The invention may be more clearly understood when read in conjunction with the attached drawing which is a diagrammatic representation of preferred embodiments of the invention. Referring now to the figure, crude shale oil resulting from the retorting of oil shale by any conventional means, preferably by the fluid solids technique, is passed from the distillation and retorting sections to the refinin section. Crude shale oil and distillate, as stated above, are customarily subjected to conventional refining treatments, such as thermal or catalytic cracking, alkylation, polymerization, isomerization, hydroforming, dehydrogenation, etc. by methods known to the petroleum refining art. However, these refining procedures are detrimentally affected by the high nitrogen and sulfur contents of the shale oil, and, in accordance with the present invention, the total oil product from the efiluent is hydrogenated and then acid treated.

The total effluent from the oil shale distilla tion retort it may be passed to a hydrogenation vessel i2, wherein the olefins present in the total product are hydrogenated and the nitrogen compounds mildly hydrogenated to produce some ammonia and some more basic type nitrogen compounds. If desired, a mild vis-breaking treatment to decrease the oil viscosity and pour point, may follow the retorting operation, particularly if the shale oil must be transferred a considerable distance to the refining site. A good hydrogenation catalyst is composed of the mixed sulphides of nickel and tungsten or nickel and molybdenum. Hydrogenation over these catalysts gives a product of considerably decreased olefinicity together with some lowering of nitrogen and sulfur content. Hydrogenation may be accomplished with satisfactory catalyst life at about 2000 to 4000 p. s. i. g., for instance at 3000 p. s. i. g. and temperatures of about 700 to 800 F., depending upon the degree of hydrogenation desired. Space velocities of from 0.5 to 2 v./v./hr. at these conditions are satisfactory, while hydrogen consumption rates are maintained at a level about 500 to 1500 cubic feet of hydrogen per barrel oil fed.

The partially hydrogenated material which is now highly saturated, out which may still contain significant quantities of sulfur and nitrogen impurities, is then passed via line i l to acid treater it, wherein the saturated crude shale oil is contacted preferably with sulfuric acid. Treating conditions preferably include temperatures of from 50 to 100 F. and acid/oil ratios of about 2 to 20 pounds concentrated H2504 per barrel of hydrogenated oil. Other treating min oral acids, such as IiBPO l, may be employed.

The acid treated hydrogenated shale oil with its sulfur and nitrogen content considerably reduced as a result of the combined hydrogenation and acid treatment, is now passed from treater it to the shale oil refining plant for further conversion as is customary in the petroleum refining operation, such as distillation, cracking, hydroforming, reforming, etc., all in a manner known per se.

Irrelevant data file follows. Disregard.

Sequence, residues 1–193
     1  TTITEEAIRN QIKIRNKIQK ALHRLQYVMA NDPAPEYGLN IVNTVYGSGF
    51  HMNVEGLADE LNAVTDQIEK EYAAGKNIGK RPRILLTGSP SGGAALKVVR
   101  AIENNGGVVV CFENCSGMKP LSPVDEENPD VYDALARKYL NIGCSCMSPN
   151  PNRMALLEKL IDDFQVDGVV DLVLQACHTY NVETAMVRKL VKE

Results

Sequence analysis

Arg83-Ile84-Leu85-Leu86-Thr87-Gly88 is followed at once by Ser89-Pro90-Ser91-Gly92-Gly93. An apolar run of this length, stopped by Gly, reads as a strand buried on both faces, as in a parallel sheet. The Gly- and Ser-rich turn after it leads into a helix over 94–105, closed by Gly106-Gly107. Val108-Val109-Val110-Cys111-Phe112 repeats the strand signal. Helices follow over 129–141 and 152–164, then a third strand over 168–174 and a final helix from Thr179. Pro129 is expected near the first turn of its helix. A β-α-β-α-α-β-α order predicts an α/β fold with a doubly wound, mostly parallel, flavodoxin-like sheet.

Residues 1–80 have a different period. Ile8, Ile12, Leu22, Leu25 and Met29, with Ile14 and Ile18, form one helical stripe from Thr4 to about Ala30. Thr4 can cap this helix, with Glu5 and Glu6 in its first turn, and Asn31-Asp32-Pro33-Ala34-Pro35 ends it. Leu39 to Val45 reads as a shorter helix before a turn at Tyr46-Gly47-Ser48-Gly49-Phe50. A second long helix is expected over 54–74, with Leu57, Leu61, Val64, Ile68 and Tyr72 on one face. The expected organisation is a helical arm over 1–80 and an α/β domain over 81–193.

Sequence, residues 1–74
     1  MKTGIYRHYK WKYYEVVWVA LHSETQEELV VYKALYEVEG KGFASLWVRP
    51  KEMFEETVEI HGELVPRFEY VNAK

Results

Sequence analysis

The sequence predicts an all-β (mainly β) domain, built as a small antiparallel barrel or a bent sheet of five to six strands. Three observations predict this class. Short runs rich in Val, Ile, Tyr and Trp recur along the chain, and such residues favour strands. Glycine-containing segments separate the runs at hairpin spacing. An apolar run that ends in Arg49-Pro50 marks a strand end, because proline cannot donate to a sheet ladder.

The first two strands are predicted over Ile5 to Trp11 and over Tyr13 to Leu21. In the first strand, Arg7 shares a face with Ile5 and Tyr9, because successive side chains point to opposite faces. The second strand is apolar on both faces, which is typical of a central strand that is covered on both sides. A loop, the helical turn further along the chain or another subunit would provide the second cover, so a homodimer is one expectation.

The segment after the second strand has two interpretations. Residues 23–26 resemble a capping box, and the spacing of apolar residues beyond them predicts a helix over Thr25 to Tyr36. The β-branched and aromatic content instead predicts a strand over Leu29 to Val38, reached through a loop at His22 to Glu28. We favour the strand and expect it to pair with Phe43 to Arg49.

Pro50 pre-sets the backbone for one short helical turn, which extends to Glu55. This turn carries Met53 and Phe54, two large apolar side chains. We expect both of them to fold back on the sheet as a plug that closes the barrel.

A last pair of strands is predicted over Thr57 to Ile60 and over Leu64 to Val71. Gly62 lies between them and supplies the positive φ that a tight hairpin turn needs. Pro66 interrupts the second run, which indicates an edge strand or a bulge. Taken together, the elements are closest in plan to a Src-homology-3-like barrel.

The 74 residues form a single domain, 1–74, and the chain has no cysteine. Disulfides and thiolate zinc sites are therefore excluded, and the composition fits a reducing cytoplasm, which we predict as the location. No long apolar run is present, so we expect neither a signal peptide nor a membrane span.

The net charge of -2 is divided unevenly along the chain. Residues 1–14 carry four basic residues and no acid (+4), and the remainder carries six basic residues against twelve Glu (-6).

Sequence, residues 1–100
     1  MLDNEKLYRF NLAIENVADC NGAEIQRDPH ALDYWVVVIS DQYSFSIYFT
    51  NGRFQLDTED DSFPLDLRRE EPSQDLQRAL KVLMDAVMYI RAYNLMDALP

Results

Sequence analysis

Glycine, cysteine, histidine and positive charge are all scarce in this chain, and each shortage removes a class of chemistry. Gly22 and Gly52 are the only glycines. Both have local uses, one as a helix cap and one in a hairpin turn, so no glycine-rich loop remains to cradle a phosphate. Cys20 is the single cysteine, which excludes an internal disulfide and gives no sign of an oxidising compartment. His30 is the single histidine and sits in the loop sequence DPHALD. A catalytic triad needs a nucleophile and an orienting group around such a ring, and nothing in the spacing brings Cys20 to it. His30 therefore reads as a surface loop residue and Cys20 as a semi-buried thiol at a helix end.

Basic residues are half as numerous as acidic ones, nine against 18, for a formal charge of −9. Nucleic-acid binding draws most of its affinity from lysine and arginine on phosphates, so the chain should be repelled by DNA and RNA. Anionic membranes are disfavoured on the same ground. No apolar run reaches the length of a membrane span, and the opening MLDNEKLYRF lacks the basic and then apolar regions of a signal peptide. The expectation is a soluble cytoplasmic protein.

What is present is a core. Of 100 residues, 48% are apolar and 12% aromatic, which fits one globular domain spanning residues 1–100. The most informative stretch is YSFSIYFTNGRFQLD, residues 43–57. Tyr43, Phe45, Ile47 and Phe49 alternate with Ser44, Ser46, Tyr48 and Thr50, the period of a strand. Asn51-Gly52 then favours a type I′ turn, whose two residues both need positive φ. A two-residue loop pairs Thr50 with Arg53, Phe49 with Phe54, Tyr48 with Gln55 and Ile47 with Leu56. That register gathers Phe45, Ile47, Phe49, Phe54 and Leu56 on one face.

Instead of treating the total crude shale product to the hydrogenation-acid treating process, it may under certain circumstances, be desirable'to separate the crude shale oil by distillation into appropriate fractions, such as a gasoline and gas oil fraction and higher boiling fractions, and separately hydrogenate and acid treat the respective cuts. genate the total crude shale oil resulting from the retorting operation, then fractionate into the desired products and separately acid treat the resulting cuts.

' The superior results obtained by partially hydrogenating the crude shale oil and following this treatment with a light acid treat may be illustrated by the following specific example.

In the above runs, the crude shale oil was hydrogenated to the extent of 1400 cubic feet of Or, if desired, one may also hydro- 4 H2 per barrel of oil. The acid treating was light, 5 pounds of 98% H2SO'4 being employed per barrel of oil.

Hydrogenation alone results in some increase in volatility of the shale oil at the expense of the 700 F.+ fraction, and also considerable removal of nitrogen as ammonia. In addition, hydrogenation converts residual nitrogen compounds apparently into a form more readily amenable to removal by acid extraction.

The color stability of the diesel fuel fraction prior to acid treatment was unsatisfactory, but by the acid treat it was put into form meeting established specifications. As for the color of the gasoline fraction, this was lower than normal but, since its volume is low, it may readily be blended ofi. Alternatively, a slightly greater acid treat may be employed, whereby an improved color (water white 01' +30 Saybolt) would be obtained.

The example shows, therefore, that at even the moderately high hydrogen consumption level of M00 cubic feet per barrel, the preparation of distillate fuel of satisfactory quality by distillation alone was not possible, but that by the use of a light acid wash, a considerable improvement was obtained without significant loss in yield. In order to obtain products of comparable characteristics from the crude shale oil alone without an intermediate hydrogenation step, a much more severe acid treatment would be required and a considerably greater loss in yield would result.

Various modifications of the system described above may occur to those skilled in the art Without deviating from the spirit of the invention. The above description and exemplary operations have served to illustrate specific embodiments of the invention but are not intended to be limiting in scope.